Raising animals as well as growing crops is a key strategy for small-scale farmers adapting to climate change (photo credit: CCAFS/Vivian Atakos).
We are not aware of any studies to date that compare the costs and benefits
of the range of [climate] adaptation possibilities
in the mixed systems of sub-Saharan Africa in any comprehensive way.
A neglected part of climate change adaptation research—investigations of the ubiquitous mixed crop-and-livestock farming systems that are the backbone of food production across the developing world—is highlighted in a recent article in Nature Climate Change.
The authors are Philip Thornton, of the International Livestock Research Institute (ILRI) and the CGIAR Research Program on Climate Change, Agriculture and Food Security (CCAFS), and Mario Herrero, formerly of ILRI and now at the Commonwealth Scientific and Industrial Research Organisation (CSIRO), in Australia.
As Bruce Campbell, director of CCAFS, notes:
This [dearth of data] is true not only for ‘mixed systems’
but also for climate information services, for insurance, for social safety nets, etc.
There is very, very little data on the social as well as economic and environmental
costs and benefits of different approaches to helping smallholders
better adapt to climate change.
—Bruce Campbell, CCAFS
Below are excerpts of an article on this topic published this week by Cecilia Schubert, of CCAFS.
‘For millions of smallholder farmers in sub-Saharan Africa, South Asia and other parts of the developing world, deciding between growing crops and rearing animals has never been up for discussion. Instead farmers here mix it up, as keeping both livestock and crops on the farm provide milk for the family, meat and vegetables on the table and crops to sell on the market.
‘A recent perspective piece published in Nature Climate Change by researchers Philip Thornton and Mario Herrero suggests that we still know very little about how climate change will impact these mixed farms and especially the interactions between crops and livestock. This is alarming as mixed farming systems form the backbone of smallholder production in developing countries,producing over 90% of the world’s milk supply and 80% of the meat from ruminants.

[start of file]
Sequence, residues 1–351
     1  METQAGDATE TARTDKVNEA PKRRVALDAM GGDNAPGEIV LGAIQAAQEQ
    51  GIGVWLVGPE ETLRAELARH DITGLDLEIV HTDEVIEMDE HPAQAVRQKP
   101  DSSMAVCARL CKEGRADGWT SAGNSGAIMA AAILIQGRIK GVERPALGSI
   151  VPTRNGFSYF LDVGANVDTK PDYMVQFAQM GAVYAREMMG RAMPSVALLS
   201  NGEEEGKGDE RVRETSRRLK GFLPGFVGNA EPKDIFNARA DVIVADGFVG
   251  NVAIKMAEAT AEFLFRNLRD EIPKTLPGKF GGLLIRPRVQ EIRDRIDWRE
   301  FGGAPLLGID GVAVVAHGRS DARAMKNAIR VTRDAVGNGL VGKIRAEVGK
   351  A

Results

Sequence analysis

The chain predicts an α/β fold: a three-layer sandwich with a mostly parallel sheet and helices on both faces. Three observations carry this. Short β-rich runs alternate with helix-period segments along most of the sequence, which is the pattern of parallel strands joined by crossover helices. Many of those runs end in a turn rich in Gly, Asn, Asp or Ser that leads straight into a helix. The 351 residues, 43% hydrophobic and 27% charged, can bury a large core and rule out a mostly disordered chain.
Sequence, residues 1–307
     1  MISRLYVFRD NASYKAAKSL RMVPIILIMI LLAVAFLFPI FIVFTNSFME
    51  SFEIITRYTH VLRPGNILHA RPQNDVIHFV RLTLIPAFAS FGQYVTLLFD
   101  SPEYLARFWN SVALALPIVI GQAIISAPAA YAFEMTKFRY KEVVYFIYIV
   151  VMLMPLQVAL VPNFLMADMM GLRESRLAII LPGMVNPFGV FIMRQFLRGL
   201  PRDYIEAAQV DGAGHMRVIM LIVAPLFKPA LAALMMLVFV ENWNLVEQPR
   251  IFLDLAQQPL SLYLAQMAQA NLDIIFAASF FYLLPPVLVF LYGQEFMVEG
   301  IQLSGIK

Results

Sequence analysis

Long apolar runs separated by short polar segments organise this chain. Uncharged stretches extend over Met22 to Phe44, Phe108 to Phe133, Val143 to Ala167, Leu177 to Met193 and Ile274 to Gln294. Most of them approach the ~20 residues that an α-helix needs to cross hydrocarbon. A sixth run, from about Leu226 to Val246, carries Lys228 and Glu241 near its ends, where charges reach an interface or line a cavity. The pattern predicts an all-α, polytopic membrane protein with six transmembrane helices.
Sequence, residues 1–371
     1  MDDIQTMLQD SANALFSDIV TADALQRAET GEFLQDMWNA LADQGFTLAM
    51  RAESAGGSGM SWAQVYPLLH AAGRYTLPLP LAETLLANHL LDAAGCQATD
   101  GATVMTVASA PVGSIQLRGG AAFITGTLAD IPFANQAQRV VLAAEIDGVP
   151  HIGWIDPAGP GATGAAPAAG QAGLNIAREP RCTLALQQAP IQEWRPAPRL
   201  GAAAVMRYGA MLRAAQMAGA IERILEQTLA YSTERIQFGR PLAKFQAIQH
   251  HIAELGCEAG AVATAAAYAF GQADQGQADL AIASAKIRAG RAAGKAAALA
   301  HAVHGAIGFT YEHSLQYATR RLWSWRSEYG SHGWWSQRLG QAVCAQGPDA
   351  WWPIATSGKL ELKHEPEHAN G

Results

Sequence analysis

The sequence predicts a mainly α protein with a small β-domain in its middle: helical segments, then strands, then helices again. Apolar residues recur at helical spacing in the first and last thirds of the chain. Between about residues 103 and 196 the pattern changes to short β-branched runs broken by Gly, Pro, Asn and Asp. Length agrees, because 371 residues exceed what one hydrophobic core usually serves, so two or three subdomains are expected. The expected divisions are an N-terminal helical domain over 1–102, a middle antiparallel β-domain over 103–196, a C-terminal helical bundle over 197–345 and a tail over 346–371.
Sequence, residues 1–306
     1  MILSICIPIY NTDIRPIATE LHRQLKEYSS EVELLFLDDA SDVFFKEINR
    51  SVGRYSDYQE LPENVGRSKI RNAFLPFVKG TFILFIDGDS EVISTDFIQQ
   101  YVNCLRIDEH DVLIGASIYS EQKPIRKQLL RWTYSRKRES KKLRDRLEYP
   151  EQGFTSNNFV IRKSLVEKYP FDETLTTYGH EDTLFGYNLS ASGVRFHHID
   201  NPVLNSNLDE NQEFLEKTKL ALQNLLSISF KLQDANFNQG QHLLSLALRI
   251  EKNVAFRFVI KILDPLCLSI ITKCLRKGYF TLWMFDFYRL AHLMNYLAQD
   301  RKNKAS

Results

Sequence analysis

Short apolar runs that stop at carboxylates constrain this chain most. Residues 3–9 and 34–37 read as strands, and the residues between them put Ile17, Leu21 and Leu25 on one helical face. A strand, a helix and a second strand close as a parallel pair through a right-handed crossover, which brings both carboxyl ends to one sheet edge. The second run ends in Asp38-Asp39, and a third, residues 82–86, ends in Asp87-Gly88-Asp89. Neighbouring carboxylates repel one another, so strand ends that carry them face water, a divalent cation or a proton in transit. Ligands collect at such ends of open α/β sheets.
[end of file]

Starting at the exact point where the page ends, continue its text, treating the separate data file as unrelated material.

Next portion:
‘It is clear to see how important these systems are to millions of people, contributing heavily to livelihoods and incomes, and even the globe’s food supply. Making sure mixed farmers know the way forward for effective climate adaptation and resilience building is crucial.
‘There are a number of climate-smart farming options that support climate adaptation, mitigation and improve food security that mixed farmers can pick up.
‘These options use the fact that there are both livestock and crops grown on the farm and how these can interplay to strengthen climate resilience. . . .
Through a better understanding and continued support for farmers to mix things up on the farm, millions of smallholders can start to build resilience against a changing and more variable climate.
Read the whole article by Cecilia Schubert, of CCAFS, on the Thompson Reuters Foundation ‘Trust’ site: Why mixing it up on the farm is key for climate change adaptation, 16 Sep 2015.
Read the science perspective article in Nature Climate Change: Adapting to climate change in the mixed crop and livestock farming systems in sub-Saharan Africa, by Philip Thornton and Mario Herrero.
Philip Thornton is a researcher with the International Livestock Research Institute (ILRI) and a flagship leader at the CGIAR Research Program on Climate Change, Agriculture and Food Security (CCAFS). Mario Herrero works at the Commonwealth Scientific and Industrial Research Organisation (CSIRO).